A crisis does not come when you are prepared. Crises strike when you are unguarded and neglect to be on alert. Warnings sound from outside when an entire country is suffering from the side effects of income-driven growth, a surge in real estate prices and chaos from recession. As the U.S. and China trade war intensifies and the value of developing nations’ currencies crashes, the global economy is beset with dark clouds.
President Donald Trump said on Sept. 7 that he was set to announce another $200 billion in tariffs on Chinese imports. In response, China is maintaining that it will impose a retaliatory tariff immediately after the U.S. announcement. If the U.S.-China trade war spreads, the global economy may suffer. This is because it negatively affects both countries as well as the global supply chain and trade flows. The damage to South Korea, an export-led open country, could be particularly big.
The Hyundai Economic Research Institute estimates that if U.S. imports from China decline by 10 percent, South Korea’s exports to China will amount to $28.3 billion. This is about 20 percent of last year’s exports to China.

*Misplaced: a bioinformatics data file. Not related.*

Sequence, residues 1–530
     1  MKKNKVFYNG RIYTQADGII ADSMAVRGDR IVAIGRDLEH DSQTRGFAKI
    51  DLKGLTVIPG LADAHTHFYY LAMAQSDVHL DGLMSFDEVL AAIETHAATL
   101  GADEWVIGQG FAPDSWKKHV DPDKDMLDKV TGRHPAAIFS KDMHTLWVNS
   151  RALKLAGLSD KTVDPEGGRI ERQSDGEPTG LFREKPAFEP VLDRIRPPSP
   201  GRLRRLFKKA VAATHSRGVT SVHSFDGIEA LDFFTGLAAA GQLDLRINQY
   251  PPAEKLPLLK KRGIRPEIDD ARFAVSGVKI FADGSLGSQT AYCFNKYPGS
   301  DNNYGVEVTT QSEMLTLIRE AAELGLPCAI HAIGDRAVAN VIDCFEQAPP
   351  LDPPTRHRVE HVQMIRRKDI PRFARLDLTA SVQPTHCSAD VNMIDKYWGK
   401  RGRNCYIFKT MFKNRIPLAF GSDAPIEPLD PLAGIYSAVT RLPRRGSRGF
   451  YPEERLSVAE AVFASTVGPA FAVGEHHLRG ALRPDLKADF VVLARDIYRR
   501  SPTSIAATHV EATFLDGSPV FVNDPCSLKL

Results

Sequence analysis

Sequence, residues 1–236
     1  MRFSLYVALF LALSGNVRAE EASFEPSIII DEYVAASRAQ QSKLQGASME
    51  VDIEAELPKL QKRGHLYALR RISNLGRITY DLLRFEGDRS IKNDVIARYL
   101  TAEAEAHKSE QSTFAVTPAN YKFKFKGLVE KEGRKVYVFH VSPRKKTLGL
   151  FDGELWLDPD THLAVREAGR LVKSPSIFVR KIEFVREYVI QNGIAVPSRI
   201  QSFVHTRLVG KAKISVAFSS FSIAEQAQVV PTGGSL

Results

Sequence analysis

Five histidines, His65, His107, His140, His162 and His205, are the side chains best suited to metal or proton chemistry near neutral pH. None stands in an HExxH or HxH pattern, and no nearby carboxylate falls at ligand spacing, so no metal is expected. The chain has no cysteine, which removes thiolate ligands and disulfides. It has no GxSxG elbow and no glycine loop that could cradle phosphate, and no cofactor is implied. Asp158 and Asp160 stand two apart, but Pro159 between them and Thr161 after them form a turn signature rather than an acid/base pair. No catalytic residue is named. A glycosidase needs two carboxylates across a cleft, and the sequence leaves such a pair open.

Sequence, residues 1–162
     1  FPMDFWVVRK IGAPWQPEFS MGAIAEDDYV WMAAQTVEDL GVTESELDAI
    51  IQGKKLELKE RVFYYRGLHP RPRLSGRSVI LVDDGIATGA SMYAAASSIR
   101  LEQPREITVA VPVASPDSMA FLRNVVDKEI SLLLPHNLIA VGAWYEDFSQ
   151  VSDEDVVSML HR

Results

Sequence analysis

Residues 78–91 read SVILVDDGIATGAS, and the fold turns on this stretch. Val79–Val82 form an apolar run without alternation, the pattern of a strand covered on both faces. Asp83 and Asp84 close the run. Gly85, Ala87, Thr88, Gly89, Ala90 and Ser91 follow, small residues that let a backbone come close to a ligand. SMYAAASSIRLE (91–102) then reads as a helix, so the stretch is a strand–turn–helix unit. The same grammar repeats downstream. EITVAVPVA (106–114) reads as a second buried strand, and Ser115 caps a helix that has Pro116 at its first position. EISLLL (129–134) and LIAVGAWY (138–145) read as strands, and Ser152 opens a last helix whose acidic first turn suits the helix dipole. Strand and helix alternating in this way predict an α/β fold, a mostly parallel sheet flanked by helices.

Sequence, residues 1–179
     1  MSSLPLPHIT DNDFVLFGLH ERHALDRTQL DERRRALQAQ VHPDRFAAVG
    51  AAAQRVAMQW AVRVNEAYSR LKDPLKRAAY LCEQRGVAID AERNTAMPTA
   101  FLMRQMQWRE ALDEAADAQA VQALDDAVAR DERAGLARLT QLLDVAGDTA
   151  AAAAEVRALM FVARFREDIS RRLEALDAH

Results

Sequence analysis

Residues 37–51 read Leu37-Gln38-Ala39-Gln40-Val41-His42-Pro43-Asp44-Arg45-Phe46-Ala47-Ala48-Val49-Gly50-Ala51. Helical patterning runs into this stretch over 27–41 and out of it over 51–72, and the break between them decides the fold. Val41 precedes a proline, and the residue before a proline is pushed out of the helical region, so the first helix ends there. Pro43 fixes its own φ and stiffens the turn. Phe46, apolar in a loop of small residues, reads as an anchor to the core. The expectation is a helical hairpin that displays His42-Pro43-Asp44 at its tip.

The unease in the financial market that started in emerging countries seems to be spreading. Currency values in Argentina and Turkey have plummeted by 20 percent to 30 percent against the U.S. dollar during the past month. South African and Indonesian currencies also fell to their lowest levels. As the Federal Reserve is clearly raising its benchmark interest rate and the U.S.-China trade war is intensifying, anxiety is spreading in South Korea. Yesterday, the value of the won against the dollar was the lowest in 14 trading days. We should not make the error of being too focused on domestic confusion and crisis that we do not prepare for the dark clouds coming from outside. Authorities should thoroughly monitor global market conditions and assume the worst-case scenarios as part of a government-wide effort to be on full alert.
About this publication